A foster parent should be someone who wants to make a difference in a child’s life, is flexible and capable of handling challenging situations, understands developmental needs of children, is trauma informed or willing to learn more about trauma, and can support and provide guidance to birth parents.
If you've ever been curious about foster parenting and live near Jamestown. NY, or you know somebody who does, you may be interested in attending the open house sponsored by the Chautauqua County Department of Health and Human Services on January 19th.
Both public and private child welfare agencies across the country are desperately working to recruit foster parents for children who can't safely remain in their family homes. Shortages in foster parents directly impact the wellbeing and permanency of children in out-of-home care, often causing multiple caregiver transitions and moves from home to home. This instability and inconsistency in care only adds to a vicious cycle of re-traumatization impacting many children served by child welfare.
If you are interested in foster parenting, but are nowhere near Jamestown, NY, comment below and I’ll help you find foster parent recruitment resources in your community.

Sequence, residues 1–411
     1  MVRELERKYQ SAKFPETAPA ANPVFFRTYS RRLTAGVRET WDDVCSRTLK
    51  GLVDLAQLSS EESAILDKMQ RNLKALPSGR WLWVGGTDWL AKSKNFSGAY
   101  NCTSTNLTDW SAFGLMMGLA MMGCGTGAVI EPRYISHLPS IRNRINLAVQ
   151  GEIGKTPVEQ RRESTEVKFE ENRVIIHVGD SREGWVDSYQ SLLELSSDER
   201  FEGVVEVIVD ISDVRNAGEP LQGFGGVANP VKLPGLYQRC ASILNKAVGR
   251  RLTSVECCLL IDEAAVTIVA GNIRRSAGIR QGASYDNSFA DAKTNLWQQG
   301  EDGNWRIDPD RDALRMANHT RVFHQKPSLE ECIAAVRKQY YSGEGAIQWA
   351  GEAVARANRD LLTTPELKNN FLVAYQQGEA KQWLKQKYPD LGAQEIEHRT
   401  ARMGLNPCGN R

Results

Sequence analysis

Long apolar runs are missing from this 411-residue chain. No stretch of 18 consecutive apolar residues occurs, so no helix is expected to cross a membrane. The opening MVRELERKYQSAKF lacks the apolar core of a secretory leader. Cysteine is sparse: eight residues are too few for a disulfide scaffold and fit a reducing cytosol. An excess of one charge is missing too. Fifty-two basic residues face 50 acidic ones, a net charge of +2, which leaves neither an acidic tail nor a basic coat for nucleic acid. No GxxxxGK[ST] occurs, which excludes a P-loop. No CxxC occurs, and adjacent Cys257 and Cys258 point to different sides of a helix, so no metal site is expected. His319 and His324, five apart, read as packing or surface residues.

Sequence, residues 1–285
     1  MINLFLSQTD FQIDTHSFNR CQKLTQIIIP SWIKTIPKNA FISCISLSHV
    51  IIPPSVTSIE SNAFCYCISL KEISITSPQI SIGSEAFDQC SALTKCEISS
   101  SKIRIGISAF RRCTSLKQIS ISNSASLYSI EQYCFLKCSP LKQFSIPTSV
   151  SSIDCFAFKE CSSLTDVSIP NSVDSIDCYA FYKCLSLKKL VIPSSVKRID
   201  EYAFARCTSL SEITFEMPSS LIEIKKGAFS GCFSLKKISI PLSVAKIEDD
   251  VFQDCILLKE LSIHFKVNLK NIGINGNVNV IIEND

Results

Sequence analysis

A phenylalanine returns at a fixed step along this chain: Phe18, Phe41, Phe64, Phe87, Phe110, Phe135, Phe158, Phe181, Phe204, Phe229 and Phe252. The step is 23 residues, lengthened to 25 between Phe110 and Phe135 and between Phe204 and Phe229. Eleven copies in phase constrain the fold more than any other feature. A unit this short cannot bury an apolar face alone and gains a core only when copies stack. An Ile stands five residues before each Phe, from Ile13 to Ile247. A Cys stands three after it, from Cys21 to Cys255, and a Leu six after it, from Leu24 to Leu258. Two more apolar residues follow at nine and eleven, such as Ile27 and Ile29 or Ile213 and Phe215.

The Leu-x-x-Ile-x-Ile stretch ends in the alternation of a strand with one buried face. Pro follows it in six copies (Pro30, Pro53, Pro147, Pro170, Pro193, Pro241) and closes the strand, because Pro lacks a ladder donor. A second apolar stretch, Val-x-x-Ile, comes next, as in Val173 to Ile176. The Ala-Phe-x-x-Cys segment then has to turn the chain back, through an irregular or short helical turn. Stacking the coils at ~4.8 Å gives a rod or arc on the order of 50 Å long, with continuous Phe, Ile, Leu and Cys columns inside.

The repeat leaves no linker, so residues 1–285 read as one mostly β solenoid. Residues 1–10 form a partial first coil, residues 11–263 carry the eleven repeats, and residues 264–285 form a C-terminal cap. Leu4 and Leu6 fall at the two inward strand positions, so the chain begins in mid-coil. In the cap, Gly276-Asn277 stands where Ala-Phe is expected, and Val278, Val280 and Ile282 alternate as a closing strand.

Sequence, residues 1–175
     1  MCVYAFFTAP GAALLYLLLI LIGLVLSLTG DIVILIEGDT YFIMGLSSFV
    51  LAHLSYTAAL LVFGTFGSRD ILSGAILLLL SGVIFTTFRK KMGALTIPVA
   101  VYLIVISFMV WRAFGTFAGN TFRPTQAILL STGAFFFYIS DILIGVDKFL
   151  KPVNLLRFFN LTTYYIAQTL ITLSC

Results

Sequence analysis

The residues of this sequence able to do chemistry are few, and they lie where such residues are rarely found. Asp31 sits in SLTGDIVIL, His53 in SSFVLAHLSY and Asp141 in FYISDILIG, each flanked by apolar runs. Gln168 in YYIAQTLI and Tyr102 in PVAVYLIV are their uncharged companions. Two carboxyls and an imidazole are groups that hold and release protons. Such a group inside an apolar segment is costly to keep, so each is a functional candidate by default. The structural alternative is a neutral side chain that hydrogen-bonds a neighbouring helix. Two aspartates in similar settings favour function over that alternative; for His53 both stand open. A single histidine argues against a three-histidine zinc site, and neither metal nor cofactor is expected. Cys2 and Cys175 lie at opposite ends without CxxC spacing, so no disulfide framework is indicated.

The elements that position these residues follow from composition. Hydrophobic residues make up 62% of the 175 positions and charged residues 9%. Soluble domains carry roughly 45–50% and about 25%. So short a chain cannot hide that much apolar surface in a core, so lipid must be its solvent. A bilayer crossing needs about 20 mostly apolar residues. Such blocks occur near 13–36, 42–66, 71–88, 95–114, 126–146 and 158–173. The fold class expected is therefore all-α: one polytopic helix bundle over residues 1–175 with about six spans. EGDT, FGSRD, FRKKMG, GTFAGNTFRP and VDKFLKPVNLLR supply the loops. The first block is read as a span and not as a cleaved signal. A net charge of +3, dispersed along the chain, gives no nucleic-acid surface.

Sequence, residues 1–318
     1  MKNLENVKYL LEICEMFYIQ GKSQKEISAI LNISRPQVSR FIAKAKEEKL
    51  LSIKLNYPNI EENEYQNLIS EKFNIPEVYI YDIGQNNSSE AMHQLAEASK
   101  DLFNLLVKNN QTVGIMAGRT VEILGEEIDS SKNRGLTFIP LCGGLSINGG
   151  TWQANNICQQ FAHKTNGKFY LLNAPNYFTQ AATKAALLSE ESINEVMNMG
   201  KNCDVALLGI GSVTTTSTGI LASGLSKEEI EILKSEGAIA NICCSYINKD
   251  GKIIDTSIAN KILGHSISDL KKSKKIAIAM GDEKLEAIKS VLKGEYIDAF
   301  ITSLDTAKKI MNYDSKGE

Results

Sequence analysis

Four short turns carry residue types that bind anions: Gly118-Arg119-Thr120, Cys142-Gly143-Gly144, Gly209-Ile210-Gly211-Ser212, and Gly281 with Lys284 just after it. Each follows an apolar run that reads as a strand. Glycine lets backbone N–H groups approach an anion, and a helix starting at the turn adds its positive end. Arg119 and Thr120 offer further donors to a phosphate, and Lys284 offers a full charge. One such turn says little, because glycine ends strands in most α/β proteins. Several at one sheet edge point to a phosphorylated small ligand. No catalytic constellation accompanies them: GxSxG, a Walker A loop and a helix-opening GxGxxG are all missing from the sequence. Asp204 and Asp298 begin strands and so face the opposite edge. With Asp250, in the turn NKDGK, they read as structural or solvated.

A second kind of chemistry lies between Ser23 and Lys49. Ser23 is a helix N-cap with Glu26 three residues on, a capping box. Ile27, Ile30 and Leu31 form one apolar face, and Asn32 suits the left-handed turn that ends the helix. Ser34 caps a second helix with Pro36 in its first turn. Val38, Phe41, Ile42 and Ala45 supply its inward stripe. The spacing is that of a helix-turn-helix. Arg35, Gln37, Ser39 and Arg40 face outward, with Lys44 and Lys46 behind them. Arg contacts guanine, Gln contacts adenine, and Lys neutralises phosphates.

The Chautauqua County Department of Health and Human Services is in urgent need of community members to provide foster care services for children who are temporarily unable to remain in their homes. An open house will be held on Thursday, Jan. 19 in the Carnahan Center, room 120, of the south campus of Jamestown Community College. Anyone interested in becoming a foster parent is encouraged to stop in between 4 p.m. and 6 p.m. to meet DHHS staff and talk to a foster parent.
As of Dec. 31, there were approximately 100 children in foster care in Chautauqua County, with 75 percent being placed in certified foster homes. Currently, Chautauqua County has 64 certified foster homes. These foster parents generously open their homes and hearts to children from our community who have been neglected or abused. Children in foster care may be infants through age 18 and represent all cultures. While some children may have physical or mental limitations, behavioral challenges, or special care needs, most children just need stability and kindness. When siblings come into care, it is important to maintain sibling bonds by placing them in a home together. Children in foster care, like all children, need love, affection, and guidance. Ideally, matching a family with a child’s unique needs works best for everyone involved.
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